A Packaged and Efficient SOEC System Demonstrator

Friday, 31 July 2015: 11:40
Alsh (Scottish Exhibition and Conference Centre)
A. Chatroux, M. Reytier, S. Di Iorio (CEA-LITEN), C. Bernard, G. Roux (CEA LITEN), M. Petitjean, and J. Mougin (CEA-LITEN)
High Temperature Steam Electrolysis, based on solid oxide electrolysis cells (SOEC) is a promising way to produce hydrogen with high efficiencies. The use of steam instead of liquid water requires less energy for the water molecule splitting, and the high temperature operation (between 700 and 900°C) allows the replacement of a part of the electrical energy by heat, which allows in theory a significant increase of the electrical efficiency compared to alkaline and PEM water electrolysis. Most of works in the field of SOEC around the world are carried out at the cell or stack level. Only few results at the system level, that is to say including the stack and all BoP (balance of plant) components, are reported in literature, although it is a key point because the heat management of the system has to be optimized to effectively reach the high electrical efficiency expected.

For that purpose, the CEA-LITEN has designed and tested a packaged SOEC system demonstrator. It allows producing between 1 and 2.5 Nm3/h of H2 depending on the selected operating point, based on a single stack and the required auxiliaries, including a steam generator at 150°C and high temperature exchangers to preheat the inlet flows from heat recovered in the exhaust gases. A 25-cell-stack already validated in terms of performance [1] is the "heart" of the system. The stack as well as the other components of the system will be described in details, as well as the test results. The first test is presented in Figure 2. At 700°C, the system produces 1.2 Nm3/h of H2 with a total electrical consumption of 3.9 kWh/Nm3, achieving 92% of efficiency, this efficiency corresponding to the higher heating value (HHV) of the produced hydrogen vs the electrical consumption of the system.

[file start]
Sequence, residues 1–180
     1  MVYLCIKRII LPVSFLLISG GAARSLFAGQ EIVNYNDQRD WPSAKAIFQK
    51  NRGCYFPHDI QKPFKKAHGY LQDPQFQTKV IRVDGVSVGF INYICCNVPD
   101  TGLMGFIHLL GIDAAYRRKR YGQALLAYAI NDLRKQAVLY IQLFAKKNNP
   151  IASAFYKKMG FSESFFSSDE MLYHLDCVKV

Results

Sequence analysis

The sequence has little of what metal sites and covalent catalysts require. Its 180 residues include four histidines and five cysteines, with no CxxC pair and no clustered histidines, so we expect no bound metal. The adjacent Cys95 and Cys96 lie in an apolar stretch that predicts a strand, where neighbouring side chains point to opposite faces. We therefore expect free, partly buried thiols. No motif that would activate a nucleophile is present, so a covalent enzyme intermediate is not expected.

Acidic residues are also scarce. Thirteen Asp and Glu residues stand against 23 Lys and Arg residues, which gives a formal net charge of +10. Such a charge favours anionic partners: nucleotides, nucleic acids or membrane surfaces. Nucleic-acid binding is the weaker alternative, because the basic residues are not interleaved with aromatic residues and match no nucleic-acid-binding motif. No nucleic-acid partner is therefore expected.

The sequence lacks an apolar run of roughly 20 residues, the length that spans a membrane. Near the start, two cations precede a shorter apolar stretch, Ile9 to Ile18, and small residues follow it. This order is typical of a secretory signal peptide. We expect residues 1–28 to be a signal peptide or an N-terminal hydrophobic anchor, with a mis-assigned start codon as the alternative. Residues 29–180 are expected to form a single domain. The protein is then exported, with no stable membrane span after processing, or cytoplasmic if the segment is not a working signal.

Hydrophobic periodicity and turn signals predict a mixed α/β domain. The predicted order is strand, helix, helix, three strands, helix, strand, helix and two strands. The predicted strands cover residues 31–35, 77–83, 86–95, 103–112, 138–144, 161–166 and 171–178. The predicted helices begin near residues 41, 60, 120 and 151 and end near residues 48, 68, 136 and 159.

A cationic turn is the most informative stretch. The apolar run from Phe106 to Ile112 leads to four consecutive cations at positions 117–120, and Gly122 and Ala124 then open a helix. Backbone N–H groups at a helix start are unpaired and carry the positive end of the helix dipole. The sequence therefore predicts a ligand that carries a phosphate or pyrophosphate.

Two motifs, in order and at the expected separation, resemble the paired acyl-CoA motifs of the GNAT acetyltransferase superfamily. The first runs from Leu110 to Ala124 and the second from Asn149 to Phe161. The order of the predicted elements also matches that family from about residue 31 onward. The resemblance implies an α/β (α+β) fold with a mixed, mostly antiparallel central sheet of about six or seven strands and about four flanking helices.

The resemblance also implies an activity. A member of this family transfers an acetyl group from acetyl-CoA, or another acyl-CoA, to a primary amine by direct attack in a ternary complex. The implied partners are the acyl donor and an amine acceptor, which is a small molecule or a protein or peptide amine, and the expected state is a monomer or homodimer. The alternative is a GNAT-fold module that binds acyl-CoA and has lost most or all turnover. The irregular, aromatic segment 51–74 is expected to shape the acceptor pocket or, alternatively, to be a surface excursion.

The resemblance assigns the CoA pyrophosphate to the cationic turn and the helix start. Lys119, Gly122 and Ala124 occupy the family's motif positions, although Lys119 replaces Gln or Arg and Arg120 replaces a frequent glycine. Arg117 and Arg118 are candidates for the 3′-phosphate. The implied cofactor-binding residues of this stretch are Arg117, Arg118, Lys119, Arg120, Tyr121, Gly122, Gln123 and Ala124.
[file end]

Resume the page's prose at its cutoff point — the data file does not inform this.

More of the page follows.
Indeed, Fig. 2 shows that during the first 3 hours of operation corresponding to the standby mode and endothermic operation, an external heating (through furnace resistances) is required. But after 3 hours, the operation mode switches from endothermic to slightly exothermic mode, leading to an increase of the hydrogen production up to the targeted flow rate of 1.2 Nm3/h after 5 hours, which is associated to a decrease of the furnace power and an increase of the efficiency. It can be seen that after 5 hours, the furnace power is decreased to zero, without any decrease of the stack temperature. It demonstrates that a 150°C heat source temperature is sufficient for the steam generation, and that a slightly exothermic operating mode of the stack is sufficient to preheat the inlet gas up to 700°C and compensate the heat losses of the system.

[1]     M. Reytier et al, 20th World Hydrogen Energy Conference, 15-20th June 2014, Gwangiu, Korea; submitted to International Journal of Hydrogen Energy.